Different risk factors that may accelerate the occurrence degenerative disc disease are:
• Hobbies or occupations which require heavy lifting or repetitive motion
• Genetic Predisposition
• Weight Gain
Although some degeneration is expected with age, but not all degeneration is symptomatic. Some people feel no pain, while many others with the same amount of disc damage experience severe pain that even limits their activities.
Where the pain occurs generally depends on the location of the affected disc. A degenerative disc in the cervical spine may cause neck or arm pain, while a degenerative disc in the lumbar spine may cause pain in the legs, back or buttocks. The pain gets worse with the movements such as lifting, bending or twisting.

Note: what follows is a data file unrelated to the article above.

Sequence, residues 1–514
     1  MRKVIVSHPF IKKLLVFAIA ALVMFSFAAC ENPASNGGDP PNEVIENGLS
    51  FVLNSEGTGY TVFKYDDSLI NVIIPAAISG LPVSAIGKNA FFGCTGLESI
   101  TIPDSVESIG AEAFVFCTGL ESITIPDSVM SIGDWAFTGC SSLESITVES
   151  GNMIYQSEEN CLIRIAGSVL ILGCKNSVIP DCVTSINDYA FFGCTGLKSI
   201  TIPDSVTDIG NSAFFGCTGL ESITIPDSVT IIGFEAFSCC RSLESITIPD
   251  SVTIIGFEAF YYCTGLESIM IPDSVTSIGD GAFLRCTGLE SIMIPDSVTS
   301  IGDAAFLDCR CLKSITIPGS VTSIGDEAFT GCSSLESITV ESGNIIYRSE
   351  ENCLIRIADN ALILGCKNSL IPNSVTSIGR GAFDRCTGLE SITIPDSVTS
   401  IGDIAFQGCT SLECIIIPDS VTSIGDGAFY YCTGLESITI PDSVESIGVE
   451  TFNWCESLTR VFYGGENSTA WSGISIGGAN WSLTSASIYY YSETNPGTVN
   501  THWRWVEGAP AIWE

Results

Degenerative Disc in the Neck
Discs in the cervical spine commonly protect cervical bones through providing cushion and absorbing shock. Healthy cervical discs on the other hand provide structural height and flexibility between vertebral bone to prevent friction, which may lead to pain and other related structural problems. When these discs start degenerating and breaking down with time, they often lose their natural disc height, shrink and even bulge or tear. This phenomenon, which is natural as we age, is called degenerative disc disease.